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My next destination for the day was Chuo Dori, a walking street near Ginza Station. Hundreds of Japanese ladies, men, and children dressed in Kimonos were roaming around, chatting, and taking photos. I walked further and noticed two men methodologically blocking off a portion of the road and started lining up buckets of water along the roadside. I immediately sensed the energy and excitement that surrounded this scene, and knew this was not a normal day on Chuo Dori. A dozen photographers comfortably seated themselves on the concrete road, staring at the preparations underway. This peaked my curiosity, and I joined them in the waiting with my Canon. I felt like a true photographer, minus the part that I had no idea what I was about to photograph or witness. I asked one of the local photographers what was going on, and learned that this is one of the ceremonies in remembrance of the deceased. It was just my luck that I ended up here in time to ring in one of the local festivals.

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After 20 minutes of anticipation, I noticed the Japanese in Kimonos start to line up along the water buckets. A man spoke loudly into the microphone and the crowd went wild. Children started playing Taiko drums and the beats kept getting faster and louder. Without warning, there was a huge splash of water; and I remember thinking to myself, Japanese Songkran! Chuo Dori was exceptionally festive on this day, and I was simply lucky.

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There were little tented stalls for people to sit together and create some glass paintings, beaded accessories, ice sculptures, and much more. There was even a freestanding aquarium with a variety of exotic fish on display. Funds were being raised for victims in Nepal and people were lining up to give donations. Everyone was happy, at ease, and having a great time. Further down Chuo Dori, tucked away in a narrow meter wide entrance, I found myself stumbling into a Japanese Beer Hall and enjoying a Sapporo; the perfect finish to a lovely afternoon.

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Harajuku District is well known for its hipster vibes; a look finished with cobble stone walkways and lined with quirky standalone boutique stores. I was on a hunt for Harajuku Gyoza Ro, an acclaimed restaurant for its Gyozas. After navigating through the petite alleyways, and unsuccessfully brushing aside my temptation to shop, I finally found the 6×6 meter restaurant. Seated next to me was an Austrian ballet dancer in his 50s. We had only just met, and it seemed like we knew each other forever. After a few beers and a couple dozen mouth-watering Gyozas later, I lent my ears, and he his years of wisdom, to an amazing conversation about life, love, and marriage; and then we parted ways.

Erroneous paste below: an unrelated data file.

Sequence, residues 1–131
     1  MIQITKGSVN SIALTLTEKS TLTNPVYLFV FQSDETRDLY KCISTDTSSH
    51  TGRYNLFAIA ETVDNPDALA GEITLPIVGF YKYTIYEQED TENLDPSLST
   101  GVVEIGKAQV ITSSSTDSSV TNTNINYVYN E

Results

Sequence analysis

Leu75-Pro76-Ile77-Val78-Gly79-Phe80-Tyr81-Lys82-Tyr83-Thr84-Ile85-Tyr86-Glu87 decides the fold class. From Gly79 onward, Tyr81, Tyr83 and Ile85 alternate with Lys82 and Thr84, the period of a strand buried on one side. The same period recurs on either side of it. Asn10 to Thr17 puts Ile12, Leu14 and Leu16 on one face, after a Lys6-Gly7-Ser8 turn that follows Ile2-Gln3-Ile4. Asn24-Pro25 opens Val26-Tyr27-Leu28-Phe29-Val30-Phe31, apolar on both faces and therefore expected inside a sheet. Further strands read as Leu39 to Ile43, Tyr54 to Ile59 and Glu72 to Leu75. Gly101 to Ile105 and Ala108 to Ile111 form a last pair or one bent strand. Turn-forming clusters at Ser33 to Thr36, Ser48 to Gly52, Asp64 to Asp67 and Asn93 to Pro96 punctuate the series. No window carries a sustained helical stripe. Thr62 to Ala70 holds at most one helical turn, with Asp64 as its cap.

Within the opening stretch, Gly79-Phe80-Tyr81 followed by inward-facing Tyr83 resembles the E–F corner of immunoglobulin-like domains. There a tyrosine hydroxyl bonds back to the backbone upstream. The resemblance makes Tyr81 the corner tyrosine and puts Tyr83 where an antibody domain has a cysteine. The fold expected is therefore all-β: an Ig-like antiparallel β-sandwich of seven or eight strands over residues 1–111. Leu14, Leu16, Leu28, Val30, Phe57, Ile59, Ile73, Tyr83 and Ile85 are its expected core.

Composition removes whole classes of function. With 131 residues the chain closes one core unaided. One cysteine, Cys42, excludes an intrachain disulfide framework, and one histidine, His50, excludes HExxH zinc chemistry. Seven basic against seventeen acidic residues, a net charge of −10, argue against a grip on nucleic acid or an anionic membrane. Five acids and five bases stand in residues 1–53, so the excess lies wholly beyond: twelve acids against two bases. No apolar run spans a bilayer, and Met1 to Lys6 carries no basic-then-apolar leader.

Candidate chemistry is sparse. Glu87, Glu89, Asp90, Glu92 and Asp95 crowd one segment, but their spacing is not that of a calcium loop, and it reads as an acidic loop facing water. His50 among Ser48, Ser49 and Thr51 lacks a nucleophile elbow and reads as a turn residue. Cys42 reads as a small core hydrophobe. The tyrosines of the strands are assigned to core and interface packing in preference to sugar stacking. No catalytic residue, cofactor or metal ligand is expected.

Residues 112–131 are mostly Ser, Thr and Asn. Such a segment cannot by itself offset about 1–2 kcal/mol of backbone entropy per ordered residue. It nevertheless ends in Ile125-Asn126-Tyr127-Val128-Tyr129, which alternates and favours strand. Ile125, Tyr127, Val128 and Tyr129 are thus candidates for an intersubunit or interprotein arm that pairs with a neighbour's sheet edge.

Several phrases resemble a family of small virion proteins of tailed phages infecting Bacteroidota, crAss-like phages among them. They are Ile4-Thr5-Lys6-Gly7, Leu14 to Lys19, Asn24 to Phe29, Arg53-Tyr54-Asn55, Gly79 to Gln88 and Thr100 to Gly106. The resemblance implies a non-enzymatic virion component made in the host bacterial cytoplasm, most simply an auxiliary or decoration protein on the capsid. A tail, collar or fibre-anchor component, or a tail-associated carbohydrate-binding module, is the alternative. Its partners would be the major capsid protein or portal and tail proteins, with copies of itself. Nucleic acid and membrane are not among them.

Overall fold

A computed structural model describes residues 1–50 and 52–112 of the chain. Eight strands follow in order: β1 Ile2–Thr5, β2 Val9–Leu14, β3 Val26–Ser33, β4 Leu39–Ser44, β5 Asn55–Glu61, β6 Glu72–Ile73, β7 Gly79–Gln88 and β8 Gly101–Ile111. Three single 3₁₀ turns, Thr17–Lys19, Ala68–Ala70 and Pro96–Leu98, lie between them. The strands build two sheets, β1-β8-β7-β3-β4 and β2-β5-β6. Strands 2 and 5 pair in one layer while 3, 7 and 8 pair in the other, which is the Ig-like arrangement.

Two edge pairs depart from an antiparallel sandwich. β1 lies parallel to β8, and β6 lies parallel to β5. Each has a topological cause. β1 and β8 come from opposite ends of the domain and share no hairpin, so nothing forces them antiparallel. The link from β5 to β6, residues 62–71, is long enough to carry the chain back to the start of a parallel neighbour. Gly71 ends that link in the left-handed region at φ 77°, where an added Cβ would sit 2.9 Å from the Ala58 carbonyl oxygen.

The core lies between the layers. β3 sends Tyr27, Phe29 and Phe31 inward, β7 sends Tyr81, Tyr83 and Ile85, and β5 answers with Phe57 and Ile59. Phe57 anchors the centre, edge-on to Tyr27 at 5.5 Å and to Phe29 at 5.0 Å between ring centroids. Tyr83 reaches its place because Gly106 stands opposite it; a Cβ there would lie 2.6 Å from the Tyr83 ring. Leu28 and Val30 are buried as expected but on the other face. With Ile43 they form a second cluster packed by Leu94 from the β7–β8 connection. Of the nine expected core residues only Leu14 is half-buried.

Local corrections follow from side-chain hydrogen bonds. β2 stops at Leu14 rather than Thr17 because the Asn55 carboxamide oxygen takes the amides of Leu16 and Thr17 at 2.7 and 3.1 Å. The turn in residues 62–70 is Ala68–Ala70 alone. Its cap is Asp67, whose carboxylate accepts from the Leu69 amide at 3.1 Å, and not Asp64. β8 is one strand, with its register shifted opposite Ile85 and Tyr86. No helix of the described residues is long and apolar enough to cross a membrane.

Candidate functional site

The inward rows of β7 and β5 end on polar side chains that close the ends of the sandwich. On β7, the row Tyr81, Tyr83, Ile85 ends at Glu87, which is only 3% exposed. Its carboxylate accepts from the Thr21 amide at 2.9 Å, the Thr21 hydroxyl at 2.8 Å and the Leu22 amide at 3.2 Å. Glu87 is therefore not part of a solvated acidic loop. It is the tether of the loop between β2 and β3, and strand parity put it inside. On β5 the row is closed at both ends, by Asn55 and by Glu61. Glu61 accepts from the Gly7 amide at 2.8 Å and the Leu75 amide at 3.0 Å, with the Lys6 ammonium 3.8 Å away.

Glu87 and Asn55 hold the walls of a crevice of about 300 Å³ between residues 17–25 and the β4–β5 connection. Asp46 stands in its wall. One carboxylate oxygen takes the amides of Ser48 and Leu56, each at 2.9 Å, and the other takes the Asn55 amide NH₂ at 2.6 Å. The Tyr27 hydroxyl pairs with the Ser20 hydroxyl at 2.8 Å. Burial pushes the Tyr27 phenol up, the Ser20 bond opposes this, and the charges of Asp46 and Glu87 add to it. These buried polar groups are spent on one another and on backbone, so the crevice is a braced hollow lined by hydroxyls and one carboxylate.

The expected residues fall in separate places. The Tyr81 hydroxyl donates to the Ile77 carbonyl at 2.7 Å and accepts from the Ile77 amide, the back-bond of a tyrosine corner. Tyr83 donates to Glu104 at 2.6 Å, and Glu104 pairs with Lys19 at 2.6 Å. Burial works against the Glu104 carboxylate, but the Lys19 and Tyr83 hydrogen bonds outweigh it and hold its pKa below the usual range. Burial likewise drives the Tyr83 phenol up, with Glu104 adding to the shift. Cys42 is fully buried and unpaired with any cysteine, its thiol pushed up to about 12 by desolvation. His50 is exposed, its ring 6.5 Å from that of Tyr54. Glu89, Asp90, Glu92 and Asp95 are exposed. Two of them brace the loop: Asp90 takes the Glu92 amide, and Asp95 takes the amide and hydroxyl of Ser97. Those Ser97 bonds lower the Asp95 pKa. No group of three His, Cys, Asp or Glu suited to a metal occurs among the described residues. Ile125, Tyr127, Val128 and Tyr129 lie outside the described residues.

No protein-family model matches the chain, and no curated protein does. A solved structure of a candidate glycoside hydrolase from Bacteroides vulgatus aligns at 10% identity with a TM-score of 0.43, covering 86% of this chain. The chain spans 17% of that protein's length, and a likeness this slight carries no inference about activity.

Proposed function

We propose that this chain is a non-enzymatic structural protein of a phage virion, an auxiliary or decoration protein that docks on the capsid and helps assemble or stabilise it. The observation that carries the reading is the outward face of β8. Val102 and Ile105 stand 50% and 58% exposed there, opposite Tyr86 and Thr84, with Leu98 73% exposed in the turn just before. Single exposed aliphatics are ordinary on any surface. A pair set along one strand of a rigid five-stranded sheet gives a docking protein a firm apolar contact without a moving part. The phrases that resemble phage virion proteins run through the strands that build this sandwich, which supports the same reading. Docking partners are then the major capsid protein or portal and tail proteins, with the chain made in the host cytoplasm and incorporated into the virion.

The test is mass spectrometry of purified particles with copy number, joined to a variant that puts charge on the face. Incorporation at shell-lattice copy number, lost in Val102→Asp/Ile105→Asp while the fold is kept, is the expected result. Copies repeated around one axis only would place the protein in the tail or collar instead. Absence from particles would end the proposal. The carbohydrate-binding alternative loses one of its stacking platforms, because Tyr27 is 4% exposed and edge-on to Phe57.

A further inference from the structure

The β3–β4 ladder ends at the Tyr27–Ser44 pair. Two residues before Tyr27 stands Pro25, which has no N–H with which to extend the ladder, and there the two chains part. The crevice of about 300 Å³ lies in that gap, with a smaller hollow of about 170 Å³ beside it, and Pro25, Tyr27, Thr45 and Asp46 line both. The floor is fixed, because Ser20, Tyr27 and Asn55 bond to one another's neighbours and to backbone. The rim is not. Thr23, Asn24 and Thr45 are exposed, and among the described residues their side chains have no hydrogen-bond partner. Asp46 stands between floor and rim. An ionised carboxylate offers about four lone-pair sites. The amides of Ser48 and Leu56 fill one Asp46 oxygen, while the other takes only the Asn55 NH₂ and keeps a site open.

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Following a lovely evening stroll through Shinjuku district and watching the sun disappear behind the sea of buildings from the twin towers, I headed to Shibuya. Shibuya District is the heart of Tokyo’s night life, and one of the busiest crossings in the entire world. I cannot even comprehend how the Shibuya crossing runs so flawlessly. Thousands, literally thousands of pedestrians cross the streets at each green light signal. At every 2 minute intervals, all traffic lights turn red, and all pedestrian walkways turn green; this major intersection converts into what is best described as temporary chaos. Pedestrians are crossing through the intersection in every direction they choose, and within 2 minutes the intersection is clear of pedestrians; absolutely empty. The cars are free to pass again. Only in Japan can this concept actually function. Orderly chaos, it was beautiful to watch.

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After spending a decent amount of time observing the Japanese night life through the streets of Shibuya, I decided to call it a day. It was 10:00pm, and the idea of being huddled in blankets quickly took over me almost immediately. I made my way back to the hotel, and my mind started to wander. I hadn’t noticed any rushing, pushing, shoving, or anger throughout my day in this densely populated city. It didn’t feel like a concrete jungle that metropolitan cities usually beckon. In fact, it was the exact opposite. This city has a soul; a rich culture that exudes patience, kindness, and humility.

I tucked myself into bed, eager to head out on my one week road trip through Japan the next day. Feeling a sense of calm and relaxation after my eventful day, I thought to myself with certainty; I need to revisit Tokyo.